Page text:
So. Tomorrow is day zero of my 202 challenge. I guess I should make a plan about how to start. Perhaps the easiest thing is to get going on the everyday tasks. Goal 25 (PhD related) can conveniently start on Monday since tomorrow is Saturday. Tomorrow I’ll start on goal 1- read a novel every 2 weeks: hoping to finish it by Saturday 24. I’ve decided that my first book to read will be Nicola Barker’s ‘Clear: A transparent novel‘. It was longlisted for the 2004 Booker prize (not that that necessarily means something) and I’ve watched it sitting on the shelf for a while, always thinking I’d get around to reading it at some point. Well, the time has come. Its premise is fascinating- it’s a fictional account of a non-fictional event. The story is about magician’s (or illusionist’s) David Blaine’s mysterious stay in a transparent box next to the River Thames in 2003, with no food for 44 days. I remember being fascinated at the time by Blaine’s decision to do that- fascinated and appalled at the same time. So I’m intrigued to see what Barker has made of the story.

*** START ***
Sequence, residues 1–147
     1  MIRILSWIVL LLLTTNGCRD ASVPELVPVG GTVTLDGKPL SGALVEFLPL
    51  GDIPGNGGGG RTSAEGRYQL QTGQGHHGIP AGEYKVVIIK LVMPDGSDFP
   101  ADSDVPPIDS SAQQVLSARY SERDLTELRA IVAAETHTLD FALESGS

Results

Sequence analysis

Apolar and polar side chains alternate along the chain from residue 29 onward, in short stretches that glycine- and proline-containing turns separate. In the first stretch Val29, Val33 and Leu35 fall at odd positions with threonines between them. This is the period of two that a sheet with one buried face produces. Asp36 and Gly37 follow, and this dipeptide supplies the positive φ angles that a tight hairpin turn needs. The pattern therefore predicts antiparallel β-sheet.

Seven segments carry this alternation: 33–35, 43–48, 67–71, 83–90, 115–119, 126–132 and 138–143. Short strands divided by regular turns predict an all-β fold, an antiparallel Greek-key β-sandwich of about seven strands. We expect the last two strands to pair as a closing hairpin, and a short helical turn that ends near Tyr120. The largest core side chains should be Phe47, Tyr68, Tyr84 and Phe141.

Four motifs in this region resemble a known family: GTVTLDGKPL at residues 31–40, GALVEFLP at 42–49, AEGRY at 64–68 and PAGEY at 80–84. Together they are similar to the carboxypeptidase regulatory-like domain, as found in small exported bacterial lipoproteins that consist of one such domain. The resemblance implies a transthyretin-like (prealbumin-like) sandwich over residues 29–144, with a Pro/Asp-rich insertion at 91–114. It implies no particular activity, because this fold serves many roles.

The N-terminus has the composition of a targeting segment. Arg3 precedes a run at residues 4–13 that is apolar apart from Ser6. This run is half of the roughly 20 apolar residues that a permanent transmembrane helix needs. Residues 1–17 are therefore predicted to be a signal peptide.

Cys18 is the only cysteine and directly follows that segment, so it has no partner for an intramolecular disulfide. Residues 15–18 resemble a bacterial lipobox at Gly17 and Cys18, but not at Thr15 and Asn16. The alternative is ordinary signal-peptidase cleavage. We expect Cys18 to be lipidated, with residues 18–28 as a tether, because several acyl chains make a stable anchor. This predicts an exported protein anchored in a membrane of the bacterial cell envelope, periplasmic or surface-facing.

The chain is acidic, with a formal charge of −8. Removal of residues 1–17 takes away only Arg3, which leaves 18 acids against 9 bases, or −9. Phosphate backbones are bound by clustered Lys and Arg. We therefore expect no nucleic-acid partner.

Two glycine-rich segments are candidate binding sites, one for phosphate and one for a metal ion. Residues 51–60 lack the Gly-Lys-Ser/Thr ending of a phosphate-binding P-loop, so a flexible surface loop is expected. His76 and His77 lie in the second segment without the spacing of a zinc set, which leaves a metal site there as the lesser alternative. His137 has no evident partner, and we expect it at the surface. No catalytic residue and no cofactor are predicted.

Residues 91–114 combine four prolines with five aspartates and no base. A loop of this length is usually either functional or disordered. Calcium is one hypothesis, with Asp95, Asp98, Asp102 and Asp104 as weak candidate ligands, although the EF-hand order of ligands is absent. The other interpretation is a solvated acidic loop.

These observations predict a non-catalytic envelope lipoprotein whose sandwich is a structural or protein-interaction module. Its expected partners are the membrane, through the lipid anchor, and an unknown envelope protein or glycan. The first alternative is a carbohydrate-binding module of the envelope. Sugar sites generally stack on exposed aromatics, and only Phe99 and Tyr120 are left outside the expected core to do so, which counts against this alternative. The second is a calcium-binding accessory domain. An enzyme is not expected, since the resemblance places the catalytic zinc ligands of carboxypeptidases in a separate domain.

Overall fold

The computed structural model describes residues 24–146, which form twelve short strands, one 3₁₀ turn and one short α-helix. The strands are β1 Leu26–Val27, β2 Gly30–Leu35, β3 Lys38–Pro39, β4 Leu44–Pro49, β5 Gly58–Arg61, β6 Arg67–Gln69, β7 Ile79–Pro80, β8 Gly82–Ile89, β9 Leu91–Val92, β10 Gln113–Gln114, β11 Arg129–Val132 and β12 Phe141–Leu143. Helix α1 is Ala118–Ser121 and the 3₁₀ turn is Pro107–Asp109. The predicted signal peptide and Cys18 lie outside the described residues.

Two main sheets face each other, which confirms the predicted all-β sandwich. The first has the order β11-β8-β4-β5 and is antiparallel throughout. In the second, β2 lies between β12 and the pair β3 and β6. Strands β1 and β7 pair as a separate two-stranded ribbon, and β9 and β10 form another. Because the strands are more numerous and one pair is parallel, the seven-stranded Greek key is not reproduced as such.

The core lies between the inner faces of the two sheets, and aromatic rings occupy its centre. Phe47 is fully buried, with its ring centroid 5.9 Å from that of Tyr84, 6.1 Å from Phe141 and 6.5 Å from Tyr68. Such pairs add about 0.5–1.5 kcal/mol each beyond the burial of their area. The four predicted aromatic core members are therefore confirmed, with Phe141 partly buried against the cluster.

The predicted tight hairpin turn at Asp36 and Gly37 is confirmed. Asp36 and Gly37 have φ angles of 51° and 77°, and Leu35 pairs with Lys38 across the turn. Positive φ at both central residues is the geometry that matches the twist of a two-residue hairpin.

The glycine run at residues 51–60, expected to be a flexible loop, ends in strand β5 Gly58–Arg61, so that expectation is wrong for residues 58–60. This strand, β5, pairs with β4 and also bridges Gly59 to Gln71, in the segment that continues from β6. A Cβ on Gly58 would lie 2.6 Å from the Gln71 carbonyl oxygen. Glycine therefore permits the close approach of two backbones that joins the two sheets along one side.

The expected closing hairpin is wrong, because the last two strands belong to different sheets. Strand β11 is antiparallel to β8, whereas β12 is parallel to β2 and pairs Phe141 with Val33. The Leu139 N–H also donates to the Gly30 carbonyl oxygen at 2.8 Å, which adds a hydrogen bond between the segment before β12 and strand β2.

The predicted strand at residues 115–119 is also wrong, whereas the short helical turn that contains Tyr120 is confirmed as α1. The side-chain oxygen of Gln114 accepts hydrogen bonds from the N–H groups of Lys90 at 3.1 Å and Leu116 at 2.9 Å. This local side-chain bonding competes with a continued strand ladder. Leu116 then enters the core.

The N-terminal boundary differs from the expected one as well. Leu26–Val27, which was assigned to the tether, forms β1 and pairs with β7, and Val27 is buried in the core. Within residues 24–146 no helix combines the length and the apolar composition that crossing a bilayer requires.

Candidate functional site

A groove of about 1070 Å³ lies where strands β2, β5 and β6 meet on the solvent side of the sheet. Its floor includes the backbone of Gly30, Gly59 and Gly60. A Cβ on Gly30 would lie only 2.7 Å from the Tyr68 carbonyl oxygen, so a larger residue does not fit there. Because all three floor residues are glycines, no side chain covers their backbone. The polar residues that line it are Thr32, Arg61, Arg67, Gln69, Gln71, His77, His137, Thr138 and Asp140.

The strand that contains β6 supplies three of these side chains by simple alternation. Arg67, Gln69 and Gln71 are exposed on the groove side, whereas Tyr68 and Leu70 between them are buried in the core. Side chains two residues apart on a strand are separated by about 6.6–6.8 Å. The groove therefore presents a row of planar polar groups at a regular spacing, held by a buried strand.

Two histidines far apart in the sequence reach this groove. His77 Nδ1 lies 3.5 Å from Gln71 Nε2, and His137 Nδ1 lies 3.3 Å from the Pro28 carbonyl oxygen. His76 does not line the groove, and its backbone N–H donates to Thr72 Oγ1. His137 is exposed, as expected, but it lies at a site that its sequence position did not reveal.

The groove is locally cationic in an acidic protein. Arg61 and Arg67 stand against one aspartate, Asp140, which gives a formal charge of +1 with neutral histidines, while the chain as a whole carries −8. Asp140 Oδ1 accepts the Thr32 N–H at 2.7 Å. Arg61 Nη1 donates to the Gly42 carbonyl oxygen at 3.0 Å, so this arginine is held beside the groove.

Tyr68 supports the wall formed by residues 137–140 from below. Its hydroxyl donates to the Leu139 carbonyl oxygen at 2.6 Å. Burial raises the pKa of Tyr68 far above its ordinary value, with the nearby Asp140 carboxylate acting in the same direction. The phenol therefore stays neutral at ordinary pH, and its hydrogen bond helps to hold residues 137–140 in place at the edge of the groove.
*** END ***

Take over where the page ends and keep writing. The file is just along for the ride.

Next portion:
The other thing I’ll do is start working on the every day, small goals: e.g. goal 26 (clearing up clutter for 10 mins every 2 days) & goal 89 (doing a food schedule). The first one sounds straightforward enough & hopefully will help a bit with the messiness in our flat. As for the second, it’ll help us eat a bit more healthily (hopefully).

Anyway. That’s the plan. As they say though, when people make plans, the gods laugh. It’s a good saying, even for atheists like me. But then again I suppose a bit of obsessionality can never harm anyone. So here goes… my 1001 days are about to start!